Should I have inherited anything from my late husband’s annuity pension – and was he wrongly advised to buy one? Steve Webb replies
My husband has just died. When I went to get his pension as he told me to, they said there was nothing in the pot as he had died.
Should he have been advised to take a annuity pension, when he had just had cancer and was a very heavy smoker?
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Retirement money: Should I have inherited anything from my late husband’s annuity pension? (Stock image)
Steve Webb replies: I was sorry to read about your recent bereavement.
From what you have told me, your late husband probably built up a ‘pot of money’ pension over the course of his working life.
Until relatively recently, most people had very limited options as to what they did with that pension pot at retirement.
In most cases they handed the money over to an insurance company in return for a guaranteed income for life, also known as an ‘annuity’.
The simplest sort of annuity pays a fixed amount of money each year until the person who bought the annuity dies. There is nothing left at the end for a widow or any other family member.
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In the past, most people got a standard annuity rate, based just on their age, but these days the annuity companies will increasingly ask health questions.
Someone who had cancer and was a heavy smoker would generally get a much higher annuity rate because the insurance company would know that they would probably not have to pay out for very long.
If your late husband’s annuity provider did not offer him a higher rate as a smoker and as someone who had had cancer, I think you should consider complaining to them.
These days, insurance companies could get into trouble for not paying more to people in relatively poor health, so it would be worth asking them if they knew about your husband’s health record and whether they gave him a higher payment as a result.
You also mention the issue of ‘advice’ and if a financial adviser was involved you should certainly consider a complaint to them if he was poorly advised over his annuity purchase.
There are two other options which might have been open to your late husband when he bought an annuity.
The first is that annuities can come with a minimum guarantee period. This means that even if the person dies very shortly after buying the annuity, it will go on paying out for a guaranteed minimum period.
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The second option is what is called a ‘joint life’ annuity. With this sort of policy, the annuity doesn’t stop when the first person dies but carries on, possibly at a reduced rate, for as long as the widow or widower lives.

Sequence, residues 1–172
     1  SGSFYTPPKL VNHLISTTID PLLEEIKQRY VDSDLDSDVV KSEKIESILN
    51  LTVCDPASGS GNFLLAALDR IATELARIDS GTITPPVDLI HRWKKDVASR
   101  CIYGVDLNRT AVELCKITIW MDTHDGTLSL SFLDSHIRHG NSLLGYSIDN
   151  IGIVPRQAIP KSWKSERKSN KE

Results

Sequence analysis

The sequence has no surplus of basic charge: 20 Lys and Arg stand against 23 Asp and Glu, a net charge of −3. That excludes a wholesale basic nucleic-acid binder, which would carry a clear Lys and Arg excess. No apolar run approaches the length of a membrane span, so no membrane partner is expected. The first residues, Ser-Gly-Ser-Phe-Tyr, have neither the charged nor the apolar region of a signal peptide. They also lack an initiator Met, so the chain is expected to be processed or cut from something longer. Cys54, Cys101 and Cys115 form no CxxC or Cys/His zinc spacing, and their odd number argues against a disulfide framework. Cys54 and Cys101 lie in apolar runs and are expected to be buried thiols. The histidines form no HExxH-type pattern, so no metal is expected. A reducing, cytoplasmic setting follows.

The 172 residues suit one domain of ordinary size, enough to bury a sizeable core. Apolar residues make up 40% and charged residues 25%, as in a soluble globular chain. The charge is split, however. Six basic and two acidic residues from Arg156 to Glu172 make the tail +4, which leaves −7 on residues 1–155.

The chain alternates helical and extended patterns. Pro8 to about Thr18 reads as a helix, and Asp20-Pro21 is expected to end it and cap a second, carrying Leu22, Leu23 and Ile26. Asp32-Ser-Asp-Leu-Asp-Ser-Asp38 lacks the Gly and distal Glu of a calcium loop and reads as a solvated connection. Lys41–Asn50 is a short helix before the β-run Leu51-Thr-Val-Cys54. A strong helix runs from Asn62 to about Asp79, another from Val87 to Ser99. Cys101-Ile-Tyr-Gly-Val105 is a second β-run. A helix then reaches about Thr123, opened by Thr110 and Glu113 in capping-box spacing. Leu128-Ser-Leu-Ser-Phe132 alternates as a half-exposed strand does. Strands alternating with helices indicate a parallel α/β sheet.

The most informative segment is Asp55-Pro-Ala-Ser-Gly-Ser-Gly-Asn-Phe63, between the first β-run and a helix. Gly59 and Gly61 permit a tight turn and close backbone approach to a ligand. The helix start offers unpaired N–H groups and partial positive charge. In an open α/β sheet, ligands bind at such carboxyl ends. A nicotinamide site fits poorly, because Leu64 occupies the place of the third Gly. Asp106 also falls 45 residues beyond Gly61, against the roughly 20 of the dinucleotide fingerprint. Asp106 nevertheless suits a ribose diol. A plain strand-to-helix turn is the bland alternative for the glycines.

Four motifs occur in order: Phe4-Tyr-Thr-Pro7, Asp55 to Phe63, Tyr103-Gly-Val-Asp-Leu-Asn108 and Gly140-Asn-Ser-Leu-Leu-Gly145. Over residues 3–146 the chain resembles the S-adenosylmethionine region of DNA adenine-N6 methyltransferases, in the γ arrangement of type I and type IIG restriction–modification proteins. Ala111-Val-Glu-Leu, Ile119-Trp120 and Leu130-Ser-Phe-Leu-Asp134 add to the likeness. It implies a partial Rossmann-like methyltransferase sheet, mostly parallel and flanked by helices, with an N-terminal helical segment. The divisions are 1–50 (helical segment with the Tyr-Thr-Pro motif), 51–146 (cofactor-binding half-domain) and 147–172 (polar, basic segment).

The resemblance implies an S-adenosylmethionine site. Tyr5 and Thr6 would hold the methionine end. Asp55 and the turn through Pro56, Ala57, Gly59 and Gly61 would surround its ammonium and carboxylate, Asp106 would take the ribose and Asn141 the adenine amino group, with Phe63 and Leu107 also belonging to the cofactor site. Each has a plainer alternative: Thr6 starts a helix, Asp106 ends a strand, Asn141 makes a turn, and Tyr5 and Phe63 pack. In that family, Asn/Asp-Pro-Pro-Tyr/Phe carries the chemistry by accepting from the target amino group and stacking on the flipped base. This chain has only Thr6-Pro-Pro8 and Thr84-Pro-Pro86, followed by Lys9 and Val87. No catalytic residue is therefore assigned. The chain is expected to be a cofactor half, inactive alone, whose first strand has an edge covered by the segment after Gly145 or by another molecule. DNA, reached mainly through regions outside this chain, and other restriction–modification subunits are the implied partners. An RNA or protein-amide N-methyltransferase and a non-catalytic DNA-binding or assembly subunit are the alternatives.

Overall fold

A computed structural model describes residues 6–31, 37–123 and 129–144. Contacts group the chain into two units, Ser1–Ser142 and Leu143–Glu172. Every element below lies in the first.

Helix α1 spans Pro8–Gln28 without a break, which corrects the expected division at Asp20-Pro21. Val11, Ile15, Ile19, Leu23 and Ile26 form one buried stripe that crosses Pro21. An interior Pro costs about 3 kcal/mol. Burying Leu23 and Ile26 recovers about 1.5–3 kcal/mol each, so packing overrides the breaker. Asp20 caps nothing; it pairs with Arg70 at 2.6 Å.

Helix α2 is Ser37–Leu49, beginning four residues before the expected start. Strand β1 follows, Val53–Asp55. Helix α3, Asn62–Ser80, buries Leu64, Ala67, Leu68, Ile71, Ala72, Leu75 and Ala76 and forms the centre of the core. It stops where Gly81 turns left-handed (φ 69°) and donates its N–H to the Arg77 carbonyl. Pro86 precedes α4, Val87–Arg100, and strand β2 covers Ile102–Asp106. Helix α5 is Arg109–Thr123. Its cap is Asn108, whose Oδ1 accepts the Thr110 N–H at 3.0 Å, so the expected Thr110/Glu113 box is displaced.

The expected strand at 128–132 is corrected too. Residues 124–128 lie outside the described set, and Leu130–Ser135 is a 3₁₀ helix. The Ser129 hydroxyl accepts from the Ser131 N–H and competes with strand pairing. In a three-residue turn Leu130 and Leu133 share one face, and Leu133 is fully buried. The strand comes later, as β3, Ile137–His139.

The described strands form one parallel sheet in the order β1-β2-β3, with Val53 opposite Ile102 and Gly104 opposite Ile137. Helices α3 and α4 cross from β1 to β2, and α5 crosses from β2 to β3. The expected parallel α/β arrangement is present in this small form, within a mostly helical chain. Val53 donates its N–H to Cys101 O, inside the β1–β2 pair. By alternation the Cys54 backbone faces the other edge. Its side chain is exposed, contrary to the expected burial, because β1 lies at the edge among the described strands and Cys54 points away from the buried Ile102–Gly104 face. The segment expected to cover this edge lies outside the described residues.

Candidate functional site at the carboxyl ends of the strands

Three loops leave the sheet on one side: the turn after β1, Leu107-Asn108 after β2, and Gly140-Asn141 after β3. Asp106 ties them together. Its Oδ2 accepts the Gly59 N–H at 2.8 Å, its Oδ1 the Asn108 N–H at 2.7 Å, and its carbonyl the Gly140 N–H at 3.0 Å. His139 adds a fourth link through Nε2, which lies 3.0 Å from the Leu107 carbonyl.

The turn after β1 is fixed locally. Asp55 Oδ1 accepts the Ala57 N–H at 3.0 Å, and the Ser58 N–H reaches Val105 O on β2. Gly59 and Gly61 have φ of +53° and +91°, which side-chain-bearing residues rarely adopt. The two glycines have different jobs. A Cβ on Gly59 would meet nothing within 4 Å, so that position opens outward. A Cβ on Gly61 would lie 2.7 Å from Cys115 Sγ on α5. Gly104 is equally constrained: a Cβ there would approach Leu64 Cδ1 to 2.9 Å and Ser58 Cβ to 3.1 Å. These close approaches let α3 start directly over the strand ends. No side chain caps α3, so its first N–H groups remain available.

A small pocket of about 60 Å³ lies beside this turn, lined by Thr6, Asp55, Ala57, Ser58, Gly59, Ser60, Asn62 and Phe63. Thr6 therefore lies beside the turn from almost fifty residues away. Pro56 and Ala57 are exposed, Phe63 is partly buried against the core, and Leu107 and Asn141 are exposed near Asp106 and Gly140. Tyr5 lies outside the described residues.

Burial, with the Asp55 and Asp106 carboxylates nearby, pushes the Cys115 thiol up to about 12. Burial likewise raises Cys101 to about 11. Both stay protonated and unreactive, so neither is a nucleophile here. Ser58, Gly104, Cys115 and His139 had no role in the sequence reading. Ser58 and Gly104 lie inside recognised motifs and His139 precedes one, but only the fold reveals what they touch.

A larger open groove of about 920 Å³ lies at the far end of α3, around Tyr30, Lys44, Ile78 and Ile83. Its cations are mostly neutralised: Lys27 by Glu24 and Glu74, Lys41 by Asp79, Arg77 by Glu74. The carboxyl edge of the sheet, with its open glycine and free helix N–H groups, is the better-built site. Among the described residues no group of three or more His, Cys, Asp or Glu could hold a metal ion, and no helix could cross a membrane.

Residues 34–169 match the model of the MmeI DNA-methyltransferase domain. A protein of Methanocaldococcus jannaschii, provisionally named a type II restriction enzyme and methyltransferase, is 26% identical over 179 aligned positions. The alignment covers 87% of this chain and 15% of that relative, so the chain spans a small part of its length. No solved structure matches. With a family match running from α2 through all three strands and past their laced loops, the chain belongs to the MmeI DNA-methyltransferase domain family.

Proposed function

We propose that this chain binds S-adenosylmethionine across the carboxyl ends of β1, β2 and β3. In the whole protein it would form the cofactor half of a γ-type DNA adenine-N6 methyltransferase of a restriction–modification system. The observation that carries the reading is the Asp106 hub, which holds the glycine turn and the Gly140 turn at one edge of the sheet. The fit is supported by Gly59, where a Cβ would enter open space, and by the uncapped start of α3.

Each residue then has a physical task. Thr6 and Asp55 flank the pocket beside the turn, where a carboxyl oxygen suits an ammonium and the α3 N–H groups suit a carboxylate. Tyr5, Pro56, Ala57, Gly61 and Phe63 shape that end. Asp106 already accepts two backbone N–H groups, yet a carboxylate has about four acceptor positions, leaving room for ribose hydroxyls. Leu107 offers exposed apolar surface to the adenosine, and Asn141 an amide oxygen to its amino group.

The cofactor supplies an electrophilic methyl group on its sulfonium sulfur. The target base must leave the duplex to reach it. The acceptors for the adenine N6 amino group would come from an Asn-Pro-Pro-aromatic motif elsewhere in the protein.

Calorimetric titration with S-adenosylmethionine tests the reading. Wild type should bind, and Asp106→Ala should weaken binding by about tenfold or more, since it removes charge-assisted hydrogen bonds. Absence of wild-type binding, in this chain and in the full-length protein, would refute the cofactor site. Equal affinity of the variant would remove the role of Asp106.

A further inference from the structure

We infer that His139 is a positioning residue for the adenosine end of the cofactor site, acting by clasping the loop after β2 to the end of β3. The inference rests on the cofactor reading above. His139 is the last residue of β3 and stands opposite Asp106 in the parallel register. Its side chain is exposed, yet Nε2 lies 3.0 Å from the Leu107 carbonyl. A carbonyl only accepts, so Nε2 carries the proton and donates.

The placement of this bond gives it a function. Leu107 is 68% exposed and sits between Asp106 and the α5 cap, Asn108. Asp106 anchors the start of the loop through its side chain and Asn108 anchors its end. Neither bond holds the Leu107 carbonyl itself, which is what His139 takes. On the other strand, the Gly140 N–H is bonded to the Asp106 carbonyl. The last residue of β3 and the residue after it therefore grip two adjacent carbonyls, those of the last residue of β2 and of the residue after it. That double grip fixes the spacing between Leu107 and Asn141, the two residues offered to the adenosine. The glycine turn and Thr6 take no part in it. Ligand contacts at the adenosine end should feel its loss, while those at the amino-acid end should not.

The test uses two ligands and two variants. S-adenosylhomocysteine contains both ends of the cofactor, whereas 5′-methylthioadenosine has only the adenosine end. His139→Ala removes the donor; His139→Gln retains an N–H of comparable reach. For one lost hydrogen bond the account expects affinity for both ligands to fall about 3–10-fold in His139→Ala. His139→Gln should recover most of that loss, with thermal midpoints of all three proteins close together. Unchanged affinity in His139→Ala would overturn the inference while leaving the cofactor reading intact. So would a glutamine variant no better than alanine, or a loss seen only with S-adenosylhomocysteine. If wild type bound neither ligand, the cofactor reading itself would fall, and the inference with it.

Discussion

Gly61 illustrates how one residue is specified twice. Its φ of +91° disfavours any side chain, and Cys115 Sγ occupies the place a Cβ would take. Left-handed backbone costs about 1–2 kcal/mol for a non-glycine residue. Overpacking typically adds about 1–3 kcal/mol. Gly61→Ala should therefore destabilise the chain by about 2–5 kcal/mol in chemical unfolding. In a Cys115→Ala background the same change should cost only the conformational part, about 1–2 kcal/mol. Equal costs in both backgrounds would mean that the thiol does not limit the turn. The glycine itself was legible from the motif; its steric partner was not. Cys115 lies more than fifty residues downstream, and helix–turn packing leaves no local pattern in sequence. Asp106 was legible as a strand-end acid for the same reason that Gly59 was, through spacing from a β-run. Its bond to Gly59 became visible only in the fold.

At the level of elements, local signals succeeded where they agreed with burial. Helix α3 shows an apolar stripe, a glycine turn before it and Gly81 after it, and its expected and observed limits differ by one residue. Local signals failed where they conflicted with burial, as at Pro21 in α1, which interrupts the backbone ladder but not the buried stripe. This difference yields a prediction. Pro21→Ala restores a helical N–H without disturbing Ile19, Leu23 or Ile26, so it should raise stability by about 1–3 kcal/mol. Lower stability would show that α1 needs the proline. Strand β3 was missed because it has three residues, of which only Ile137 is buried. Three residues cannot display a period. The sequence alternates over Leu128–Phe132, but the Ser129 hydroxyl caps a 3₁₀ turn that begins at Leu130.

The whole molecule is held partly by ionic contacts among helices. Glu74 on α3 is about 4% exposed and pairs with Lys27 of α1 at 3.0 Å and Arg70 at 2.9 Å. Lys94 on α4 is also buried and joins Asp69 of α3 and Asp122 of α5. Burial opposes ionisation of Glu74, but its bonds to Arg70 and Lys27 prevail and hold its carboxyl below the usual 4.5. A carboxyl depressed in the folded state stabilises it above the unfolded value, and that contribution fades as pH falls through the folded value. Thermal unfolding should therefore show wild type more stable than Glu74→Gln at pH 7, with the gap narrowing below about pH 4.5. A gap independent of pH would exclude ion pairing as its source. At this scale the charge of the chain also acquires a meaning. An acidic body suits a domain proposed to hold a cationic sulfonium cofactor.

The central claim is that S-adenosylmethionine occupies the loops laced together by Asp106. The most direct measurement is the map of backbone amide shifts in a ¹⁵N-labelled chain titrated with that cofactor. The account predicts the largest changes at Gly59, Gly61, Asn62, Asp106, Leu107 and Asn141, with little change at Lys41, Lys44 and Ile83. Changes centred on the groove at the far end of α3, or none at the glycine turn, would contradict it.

One of the problems with annuities is that lots of people do not take financial advice and do not shop around when they buy an annuity.
This means they can miss out on the best deals and can miss out on favourable terms for those in poorer health.
Although your husband could have bought an annuity with a guarantee, and could have bought one which carried on paying out to you after he died, he was not required to do so.
Some people have suggested that if a married person chooses to buy a single life annuity they should have to get their spouse to sign the form to say this is OK, but there is no rule that requires this to happen.
Your experiences are a reminder to people buying annuities to think about what might happen to their loved ones if they were to die early and to consider whether a joint life annuity might be a better deal.
They are also a reminder of the value of guaranteed annuities which make sure that a minimum amount will be paid out regardless of when you die.
For anyone reading this who is married and has already bought a single life annuity – or has a partner who has done so – the purchase is irreversible.
However, you might want to have another think about your retirement finances and other ways you might provide for one another after the first partner dies.
For you personally, your late husband appears to have thought his annuity would provide something for you, so it is worth checking the paperwork to see if it was guaranteed or joint life, just in case the pension firm made a mistake when it spoke to you.
If your husband did buy a single life annuity, you probably can’t do much about this but I do think you should challenge the pension company, and his adviser too if he had one, about whether they took proper account of his poor health.
If you do not get a satisfactory response you could consider taking your complaint to the Financial Ombudsman Service who may be able to help.
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Former Pensions Minister Steve Webb is This Is Money’s Agony Uncle.
He is ready to answer your questions, whether you are still saving, in the process of stopping work, or juggling your finances in retirement.
Steve left the Department of Work and Pensions after the May 2015 election. He is now a partner at actuary and consulting firm Lane Clark & Peacock.
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